Paul Ryan Blasts Gingrich On Leadership: “This Is Not The 1990s”
There’s likely still some bad blood between Paul Ryan and Newt Gingrich over the controversy that raged in the Spring when Gingrich, just weeks into his campaign, called Ryan’s Medicare reform plan “right wing social engineering,” thus setting off a firestorm on the right that ended with Gingrich repudiating his statement and bizarrely saying that anyone who used his own words in a future ad was lying. That wound has been reopened, though, thanks to an interview Gingrich gave to Coffee & Markets in which he appeared to return to his previous criticisms of Ryan’s plan:
If there’s a program that is very, very unpopular, should Republicans impose it? And my answer’s no. Reagan ran to be a popular president, not to maximize suicide. I think conservatives have got to understand, you govern over the long run by having the American people think you’re doing a good job and think you’re doing what they want. Now the question is, how do you have creative leadership that achieves the right values in a popular way? [Transcript via Alana Goodman]
Yesterday, Ryan spoke to National Review’s Robert Costa and unleashed a scathing attack on Gingrich, and his leadership style:
Rep. Paul Ryan of Wisconsin, the influential Budget Committee chairman, has kept his distance from the GOP primary. But after reading Newt Gingrich’s latest comments about entitlement reform, he says the contenders must seriously address the debt crisis, not play political games.
Ryan, in an interview with National Review Online, says that he disagrees with Gingrich, and urges Republicans to confront fiscal problems, irrespective of political risk. Worrying about electoral “suicide,” he says, is a disservice to voters, “who don’t want to be pandered to like children.”
“This is not the 1990s,” Ryan says. “The ‘Mediscare’ is not working and we should not back down from this fight. I, for one, believe the country is ready, they’re hungry for it. They are ready to hear real solutions. We shouldn’t wait around for the status quo to become popular.”
“Leaders don’t follow the polls, leaders change the polls,” Ryan says. “We have moved so far in advancing entitlement reform, not just in Congress but in this [presidential] race, with most of the candidates embracing comprehensive entitlement reform. That has been a very good thing. At this point, we should be moving forward, not moving backwards.”
Ryan adds that he is still undecided about whether he will endorse a candidate. But his message to Gingrich and the rest of the field is clear. “Leaders need to go out and change things, speaking to people as adults,” he says. “We should not shy away from this fight, even though we know the Democrats will demagogue us.”
On some level Gingrich has a point, pushing forward with plans that are clearly unpopular just for the sake of pushing them forward isn’t smart politics. At the same time, though, as Ryan puts it, it’s the job of leaders to lead and to make the case for their ideas. Of the two positions, Ryan’s is the one more likely to appeal to conservatives while Gingrich’s attitude suggests, not without cause, that he is more interested in power for power’s sake than in actually accomplishing anything and that the principles he claims to adhere to are mere political contrivances.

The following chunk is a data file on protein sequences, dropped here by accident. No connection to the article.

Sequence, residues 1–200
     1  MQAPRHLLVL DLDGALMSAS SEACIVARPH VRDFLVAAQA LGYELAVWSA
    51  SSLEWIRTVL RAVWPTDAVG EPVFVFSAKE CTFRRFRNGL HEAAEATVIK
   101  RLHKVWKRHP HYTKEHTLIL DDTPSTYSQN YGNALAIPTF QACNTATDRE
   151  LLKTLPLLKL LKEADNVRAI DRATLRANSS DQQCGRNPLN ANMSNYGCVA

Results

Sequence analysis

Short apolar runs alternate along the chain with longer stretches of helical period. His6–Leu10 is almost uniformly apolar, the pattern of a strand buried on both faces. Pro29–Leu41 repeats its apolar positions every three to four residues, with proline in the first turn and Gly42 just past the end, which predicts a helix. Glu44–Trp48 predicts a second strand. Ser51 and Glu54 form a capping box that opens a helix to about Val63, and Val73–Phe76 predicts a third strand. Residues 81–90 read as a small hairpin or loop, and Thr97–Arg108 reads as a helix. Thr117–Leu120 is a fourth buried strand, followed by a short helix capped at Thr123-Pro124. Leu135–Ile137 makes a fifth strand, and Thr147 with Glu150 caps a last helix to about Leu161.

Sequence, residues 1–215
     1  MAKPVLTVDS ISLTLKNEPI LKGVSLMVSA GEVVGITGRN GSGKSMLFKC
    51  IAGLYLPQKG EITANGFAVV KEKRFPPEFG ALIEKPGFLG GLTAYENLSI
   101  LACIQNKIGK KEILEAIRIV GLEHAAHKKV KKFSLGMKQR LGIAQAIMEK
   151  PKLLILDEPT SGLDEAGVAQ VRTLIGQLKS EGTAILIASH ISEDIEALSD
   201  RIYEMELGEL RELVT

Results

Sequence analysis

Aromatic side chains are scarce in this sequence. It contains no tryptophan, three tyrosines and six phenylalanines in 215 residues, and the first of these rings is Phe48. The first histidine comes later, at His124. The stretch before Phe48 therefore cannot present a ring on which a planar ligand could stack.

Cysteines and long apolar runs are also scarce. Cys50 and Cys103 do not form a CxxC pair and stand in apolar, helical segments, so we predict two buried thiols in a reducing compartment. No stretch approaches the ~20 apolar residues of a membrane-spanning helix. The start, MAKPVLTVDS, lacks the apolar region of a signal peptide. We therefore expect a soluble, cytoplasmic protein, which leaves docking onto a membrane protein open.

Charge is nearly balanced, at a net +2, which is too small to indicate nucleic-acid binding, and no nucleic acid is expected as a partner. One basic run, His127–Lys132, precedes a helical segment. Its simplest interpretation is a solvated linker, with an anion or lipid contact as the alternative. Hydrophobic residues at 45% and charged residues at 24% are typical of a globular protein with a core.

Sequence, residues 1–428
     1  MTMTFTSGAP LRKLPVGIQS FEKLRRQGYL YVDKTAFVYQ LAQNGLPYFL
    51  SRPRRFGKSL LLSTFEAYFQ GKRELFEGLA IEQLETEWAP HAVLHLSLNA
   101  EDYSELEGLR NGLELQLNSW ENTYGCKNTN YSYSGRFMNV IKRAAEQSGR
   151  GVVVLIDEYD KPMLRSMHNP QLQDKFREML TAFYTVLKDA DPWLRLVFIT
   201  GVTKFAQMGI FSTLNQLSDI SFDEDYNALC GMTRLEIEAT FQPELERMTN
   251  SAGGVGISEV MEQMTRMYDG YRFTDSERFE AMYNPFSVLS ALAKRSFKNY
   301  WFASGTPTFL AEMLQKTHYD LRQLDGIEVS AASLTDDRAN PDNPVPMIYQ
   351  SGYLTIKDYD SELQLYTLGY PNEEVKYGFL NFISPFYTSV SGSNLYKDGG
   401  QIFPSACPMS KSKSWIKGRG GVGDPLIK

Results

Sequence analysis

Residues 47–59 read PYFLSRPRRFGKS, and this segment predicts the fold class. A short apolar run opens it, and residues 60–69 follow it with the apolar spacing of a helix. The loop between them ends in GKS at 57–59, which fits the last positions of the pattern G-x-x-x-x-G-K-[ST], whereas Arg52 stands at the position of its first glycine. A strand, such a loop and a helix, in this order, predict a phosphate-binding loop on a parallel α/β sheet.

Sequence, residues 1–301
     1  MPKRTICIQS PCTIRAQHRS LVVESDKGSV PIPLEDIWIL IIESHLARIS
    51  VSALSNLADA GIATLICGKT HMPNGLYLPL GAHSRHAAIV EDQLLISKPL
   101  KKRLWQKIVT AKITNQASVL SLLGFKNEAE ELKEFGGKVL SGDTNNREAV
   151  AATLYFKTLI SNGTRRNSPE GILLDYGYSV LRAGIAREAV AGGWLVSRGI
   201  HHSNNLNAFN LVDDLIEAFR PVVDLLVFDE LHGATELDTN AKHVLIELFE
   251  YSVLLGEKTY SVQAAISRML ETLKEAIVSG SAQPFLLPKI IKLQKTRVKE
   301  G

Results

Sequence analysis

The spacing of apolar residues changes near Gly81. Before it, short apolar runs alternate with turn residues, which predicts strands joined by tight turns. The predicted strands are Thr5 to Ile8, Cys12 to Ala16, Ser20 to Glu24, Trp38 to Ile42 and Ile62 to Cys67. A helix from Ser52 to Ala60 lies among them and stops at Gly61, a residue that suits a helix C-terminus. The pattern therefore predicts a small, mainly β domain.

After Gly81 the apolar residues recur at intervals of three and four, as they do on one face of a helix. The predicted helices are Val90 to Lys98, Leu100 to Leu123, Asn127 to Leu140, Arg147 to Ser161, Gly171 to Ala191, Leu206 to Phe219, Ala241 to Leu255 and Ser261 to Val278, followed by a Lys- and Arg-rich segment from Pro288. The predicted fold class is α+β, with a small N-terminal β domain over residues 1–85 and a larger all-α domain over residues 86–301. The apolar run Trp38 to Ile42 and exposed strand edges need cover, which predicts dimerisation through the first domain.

This appears to be the line of attack that many conservatives are taking against Gingrich right now, as James Joyner’s post this morning demonstrates, and there are at least some signs that it might be working:
GOP presidential front-runner Newt Gingrich is extremely susceptible to negative ads and drops behind Mitt Romney when hit with charges he pushed for a health care mandate, took money from Fannie Mae and backed other non-conservative issues, according to a new poll provided exclusively to Washington Whispers.
Gingrich’s support is “decimated” when voters are exposed to just one negative ad, said polling firm Evolving Strategies.
“The percentage of respondents picking Gingrich as their first choice in the primary falls more than 15 points, from 42 to 26 percent,” they said.
In the innovative ad testingof voters nationwide, Evolving Strategies found that former Republican front-runner Romney benefits most from voters turned off by the negative Gingrich ads, with his support rising 10 points, a 39 percent increase in his standing.
But, said Sabrina Schaeffer, managing partner of the firm, Romney isn’t taking advantage of the public’s uncertainty about Gingrich with his current attacks on the former House speaker’s temperament.
“His erratic temperament is a part of the ‘old negatives’ from his speaker days, along with his infidelity. Voters are willing to forgive that because he has appeared different, mellowed in the right ways, on the debate stage,” Schaeffer told Whispers.
“Romney should focus on the ‘new negatives,’ the issue-based attacks on Gingrich from his time out of office; Fannie and Medicare drug expansion lobbying, support for a federal health mandate and cap & trade. These are mostly unknown negatives to most of the public, and they severely undercut the dominant image of Gingrich in the primary voter’s mind as the conservative revolutionary who retook the House and pushed Clinton into signing dramatic reforms,” she added.
Of course, some of these attacks are better handled by campaign surrogates than Romney himself, but the point remains the same. We’ve already seen some evidence that Gingrich’s poll support is softening, if Romney and the conservatives who are panicked over the rise of a Gingrich candidacy want to help that along, they’ve got their guide. Tonight’s debate should be very interesting.